KUALA LUMPUR, Sept 24 — If Umno and the Barisan Nasional (BN) coalition it leads is to win over Malaysia’s middle ground at the next general election, Datuk Seri Najib Razak must remain at the helm, the Malay party’s supreme councillor Datuk Saifuddin Abdullah has said.
Najib, a second-term prime minister, was not challenged in his presidency when nominations closed for Umno’s polls on Saturday but his leadership in the party — and by extension the ruling bloc — is seen to be pandering to vocal conservative Malay nationalists, causing a retreat in support from more moderate voices within the country’s biggest race group, as well as other ethnic minorities.
But Saifuddin, a former deputy minister in the Najib administration, said the best person to lead the country is one who understands the concept and importance of practising moderation and Najib, he pointed out, is among Umno’s more moderate captains.
“Najib... he is primarily very progressive. He is a democrat. He is a moderate leader,” Saifuddin said of his boss in a recent interview with The Malay Mail Online ahead of Umno’s polls.
“I can understand that he is also under tremendous pressure from every side you can imagine. He knows that he cannot please everyone.
“But I think he is trying his level best to be as centrist as possible,” the outspoken Umno leader said.
“It would be a big loss,” he said, when considering the future of an Umno without Najib.
He added: “Especially because we lost the middle ground in GE13 and we must regain the middle ground in GE14 and we need Najib.”
Like Election 2008, the 13th national polls were a sore point in BN’s history. The ruling pact, despite feverish planning and radical policy changes, failed to recapture its coveted two-thirds parliamentary majority, despite still winning its place in Putrajaya.
A significant trend in the election results was not just the flight of the Chinese from the ruling bloc but a clear switch in the appetite of Malaysians, particularly the urban class, against race-based politics.
Explaining this, Saifuddin said Malaysia’s middle ground had swelled with more “colour-blind” voters now calling for moderation and a migration from race-based to needs-based policies.
“Thirty per cent of the Malaysian population are actually the middle ground. And the middle ground consist of the young; the university students; the well-educated; the academics; the professionals; the technocrats; the entrepreneurs; and the civil society,” he said.
“I know these people very well. Majority are colour-blind. They do not vote based on race at all.”
Saifuddin noted that it was not an easy task to manage these diverse needs for Najib, who had inherited a struggling ruling party in 2009, but said his boss has done well so far to prove his worth as both the president of the Malay party as well as a prime minister for all races.
This, he said, was based on the results of Election 2013 that saw Umno gain nine more seats in the Dewan Rakyat than the 79 federal seats it drew five years ago in Election 2008.
“We did better in 2013,” the 52-year-old said, and added, “Because of that, there’s no reason for him to be challenged. Unless if someone has other ideas.”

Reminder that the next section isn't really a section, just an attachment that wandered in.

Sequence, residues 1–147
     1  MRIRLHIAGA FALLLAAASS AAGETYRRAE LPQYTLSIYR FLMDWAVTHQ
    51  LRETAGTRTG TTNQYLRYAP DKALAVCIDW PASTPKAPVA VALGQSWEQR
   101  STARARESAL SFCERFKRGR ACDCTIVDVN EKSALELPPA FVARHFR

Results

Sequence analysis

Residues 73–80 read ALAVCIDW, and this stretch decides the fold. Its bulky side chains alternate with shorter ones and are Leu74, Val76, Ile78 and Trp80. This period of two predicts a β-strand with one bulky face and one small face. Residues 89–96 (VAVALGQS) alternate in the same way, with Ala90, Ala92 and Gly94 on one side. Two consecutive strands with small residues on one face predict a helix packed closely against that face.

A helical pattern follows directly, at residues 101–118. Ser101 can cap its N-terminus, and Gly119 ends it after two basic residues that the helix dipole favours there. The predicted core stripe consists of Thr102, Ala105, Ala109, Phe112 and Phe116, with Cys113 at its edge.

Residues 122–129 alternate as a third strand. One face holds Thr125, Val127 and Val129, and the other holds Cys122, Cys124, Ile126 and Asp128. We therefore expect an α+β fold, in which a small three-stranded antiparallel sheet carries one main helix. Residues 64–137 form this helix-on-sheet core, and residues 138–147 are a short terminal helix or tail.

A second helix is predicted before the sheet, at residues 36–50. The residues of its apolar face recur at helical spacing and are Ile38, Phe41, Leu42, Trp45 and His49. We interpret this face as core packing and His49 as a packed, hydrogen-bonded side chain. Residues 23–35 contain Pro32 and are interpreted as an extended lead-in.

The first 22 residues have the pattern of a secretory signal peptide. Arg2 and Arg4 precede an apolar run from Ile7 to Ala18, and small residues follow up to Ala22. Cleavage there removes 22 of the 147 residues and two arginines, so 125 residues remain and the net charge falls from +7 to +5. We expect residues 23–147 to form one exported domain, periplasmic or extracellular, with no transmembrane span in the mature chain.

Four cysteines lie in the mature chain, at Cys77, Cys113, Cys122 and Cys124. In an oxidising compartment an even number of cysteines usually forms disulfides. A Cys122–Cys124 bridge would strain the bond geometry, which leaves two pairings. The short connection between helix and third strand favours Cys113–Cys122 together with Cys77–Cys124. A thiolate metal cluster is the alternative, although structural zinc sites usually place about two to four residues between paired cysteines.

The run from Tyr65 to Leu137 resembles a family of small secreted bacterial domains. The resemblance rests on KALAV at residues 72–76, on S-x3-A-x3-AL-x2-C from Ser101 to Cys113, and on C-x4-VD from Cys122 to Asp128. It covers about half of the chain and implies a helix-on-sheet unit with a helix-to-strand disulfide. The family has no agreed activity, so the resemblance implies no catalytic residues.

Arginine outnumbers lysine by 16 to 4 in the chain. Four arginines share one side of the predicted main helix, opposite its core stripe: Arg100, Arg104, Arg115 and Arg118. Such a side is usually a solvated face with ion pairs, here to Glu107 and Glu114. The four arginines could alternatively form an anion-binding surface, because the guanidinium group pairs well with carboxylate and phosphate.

Saifuddin said that no one could tell Umno members not to contest a position in the party election.
“But the general feeling is that Najib has done a good job as far as Umno is concerned,” he said.
Najib was returned to the helm of the country’s largest Malay-based party of 3.4 million members when nominations for the Umno polls closed on Saturday without any contest.
Together with his deputy Tan Sri Muhyiddin Yassin, the man who was initially touted as a possible challenger to Najib’s presidency, the prime minister finally cemented his seat at the political pinnacle with his walkover victory.
Some observers said the unchallenged contest was an indirect nod towards Najib’s four-year leadership but others reminded that just a week before nominations, the Umno president had doled out pro-Malay and Bumiputera promises in a move some claimed had likely been tailored for the polls.
In a highly-anticipated announcement on September 14, the 60-year-old trotted off a list of over RM31 billion in various loans, contracts and programmes that will be made available to the Bumiputera, with the stated aim of strengthening Bumiputera economic participation and boost their ownership of commercial property.
The decision was a far cry from the 1 Malaysia concept introduced in 2010 — two years after Najib first became prime minister — which championed ethnic harmony, national unity and needs-based instead of race-based assistance.
But the firm commitment towards uplifting the lot of the Malay community — which Najib described as integral in charting the country’s fortunes — follows recent criticism against the Umno president for failing to fully acknowledge the support the group had extended to the ruling BN during the recent general election.
In the May 5 polls, BN had not only failed to recapture its coveted parliamentary supermajority but also lost further ground to the nascent three-party Pakatan Rakyat opposition pact, when it took 133 seats to the opposition pact’s 89.
But Umno did well for itself, successfully increasing its federal representation by a sizeable nine parliamentary seats.
As such, despite BN’s poorer performance, Najib’s contemporaries in Umno agreed to leave the party’s top two positions uncontested in this year’s party election, in order to preserve stability in Umno.